Kids and participation

Join Care.com FREE Today! Today, I'll write on kids participation from the point of view of a mum of two. It's not easy to allow them such liberty, but, tried and tested as often as possible, this approach, gives results and allows the kids to take themselves more seriously.
Children participation can be defined as a well informed and voluntary involvement of children in matters concerning them. Children’s views can offer invaluable insights into childhood, its values and issues. Grownups involved in raising and educating children (I’m talking parents, carers, teachers, nurseries), can benefit from listening and encouraging children to express their views because that knowledge can be used to adapt their behaviour to the needs of the children, therefore increasing the quality of their relationships and the sense of self worth of the child.
50% off Family Fun Near You     Participation from the point of view of a child is having the opportunity to express a view and influence decision making and maybe achieve some desirable change. Children can and should be allowed to decide on issues regarding their immediate personal interests so far as their involvement is well informed and taken seriously.
Grown ups, not only parents, but teachers and others that come in contact with children must be there to listen, to provide guidance, patience and respect, to act where action is necessary and to offer feedback, advice, information. Such attitude is a big step forward from what used to be the dominant ideology only a few decades ago:
 Children should be seen not heard” – that was the main belief in England not too long ago.  It meant children should be seen doing what they are told, and not heard questioning and objecting (according to my grandparents). In those times, and sadly, but less frequently, nowadays, plenty of examples of adults suppressing children’s voices and belittling their protests when they demanded simple things such less rote learning and the abolition of corporal punishment.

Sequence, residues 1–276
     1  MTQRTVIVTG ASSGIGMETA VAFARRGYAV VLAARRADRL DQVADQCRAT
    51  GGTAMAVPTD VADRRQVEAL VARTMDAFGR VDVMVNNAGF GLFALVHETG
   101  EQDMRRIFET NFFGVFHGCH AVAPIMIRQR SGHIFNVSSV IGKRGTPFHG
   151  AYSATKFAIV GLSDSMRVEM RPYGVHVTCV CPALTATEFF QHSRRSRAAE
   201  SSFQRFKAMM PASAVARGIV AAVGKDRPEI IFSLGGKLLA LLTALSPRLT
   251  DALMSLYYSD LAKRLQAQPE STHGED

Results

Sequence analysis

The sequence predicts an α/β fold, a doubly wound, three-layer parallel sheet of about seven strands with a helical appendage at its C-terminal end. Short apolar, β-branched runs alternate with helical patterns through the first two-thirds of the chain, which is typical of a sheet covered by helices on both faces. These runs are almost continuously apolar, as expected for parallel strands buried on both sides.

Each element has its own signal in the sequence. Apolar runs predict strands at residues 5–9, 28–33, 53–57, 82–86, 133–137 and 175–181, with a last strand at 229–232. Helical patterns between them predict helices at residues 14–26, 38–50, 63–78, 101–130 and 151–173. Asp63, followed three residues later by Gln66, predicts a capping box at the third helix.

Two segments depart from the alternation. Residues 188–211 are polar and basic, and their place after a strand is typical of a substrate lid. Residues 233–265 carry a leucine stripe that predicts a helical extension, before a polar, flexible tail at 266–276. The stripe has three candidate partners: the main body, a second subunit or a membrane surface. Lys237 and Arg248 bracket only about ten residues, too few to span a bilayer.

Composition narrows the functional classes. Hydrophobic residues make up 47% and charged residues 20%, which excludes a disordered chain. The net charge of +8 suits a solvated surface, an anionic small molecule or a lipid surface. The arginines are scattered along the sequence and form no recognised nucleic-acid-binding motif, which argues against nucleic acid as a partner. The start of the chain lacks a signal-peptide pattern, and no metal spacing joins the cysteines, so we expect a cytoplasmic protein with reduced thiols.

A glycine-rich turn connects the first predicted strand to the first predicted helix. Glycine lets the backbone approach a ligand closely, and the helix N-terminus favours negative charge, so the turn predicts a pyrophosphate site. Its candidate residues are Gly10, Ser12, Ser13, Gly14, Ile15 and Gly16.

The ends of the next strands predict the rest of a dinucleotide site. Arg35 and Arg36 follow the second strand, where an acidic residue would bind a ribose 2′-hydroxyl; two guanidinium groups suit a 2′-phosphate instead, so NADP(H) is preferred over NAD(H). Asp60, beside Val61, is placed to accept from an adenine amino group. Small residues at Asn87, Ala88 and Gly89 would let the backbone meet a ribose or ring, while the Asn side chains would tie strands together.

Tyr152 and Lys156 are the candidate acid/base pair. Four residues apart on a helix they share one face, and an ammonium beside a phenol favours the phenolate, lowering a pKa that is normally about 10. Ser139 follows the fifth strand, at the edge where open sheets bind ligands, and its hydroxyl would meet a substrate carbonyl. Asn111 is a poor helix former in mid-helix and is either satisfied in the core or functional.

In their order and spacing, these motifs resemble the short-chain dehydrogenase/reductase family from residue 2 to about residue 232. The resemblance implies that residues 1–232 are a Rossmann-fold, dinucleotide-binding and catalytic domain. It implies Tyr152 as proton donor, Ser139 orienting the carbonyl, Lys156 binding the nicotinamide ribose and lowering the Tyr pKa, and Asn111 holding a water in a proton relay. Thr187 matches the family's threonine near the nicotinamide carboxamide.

Children’s rights
Nowadays, UNCRC recognized children participation as a liberty right along with their rights to provision and protection. These rights overlap. Children should be allowed to participate and get involved in decision making regarding their protection (health, safety) and provision (housing, education) because those are matters that concerns them.
Hart’s thought of a model of participation that can be a useful tool in distinguishing participation from non-participation and exposing bad practice such as tokenism, decoration and manipulation.
Manipulation happens when children, for whatever reasons, are expressing not their own genuine views but those of the influential adults around them.
Decoration is a case when “children take part in an event or activity without understanding the context, issues” implications and purpose (Hart’s Ladder of Participation).
DaisyTrail - the best social crafting community!  Tokenism happens when children are asked for an opinion but they have little choice about how they express it and what impact their answer will have. 
Children’s participation must be appropriate to their age and adapted to the children’s ability. Children’s participation in the decision making process should be  made fun and designed to engage them as much as possible, their input should be taken seriously end encouraged by the adults with plenty of positive feedback.
The ways of encouraging participation of children in matters that concerns them, must carefully selected according to their suitability. For example it is useless to ask small children open questions such as what would they like to have for lunch because they are very likely to ask for crisps and sweets (even when they are well aware that such treats are bad for their health). We, the foods and snacks providers,  should get more involved than that: Set up a participatory activity with the purpose of  deciding on the meals menu for the next week.
NestLearning.com Wordly Wise 3000   Pictures of healthy foods would be given and the kids would be invited to arrange them in order of their preference in a ‘Top Five’. Most participatory activities, in order to work properly must have some ground rules that promote positive communication such as listening to what others are saying and taking turns to speak.
 In the last decade many books have been written on allowing children more space and power in the process of making a decision, whether is in the family, at school, at the kids' club and more. This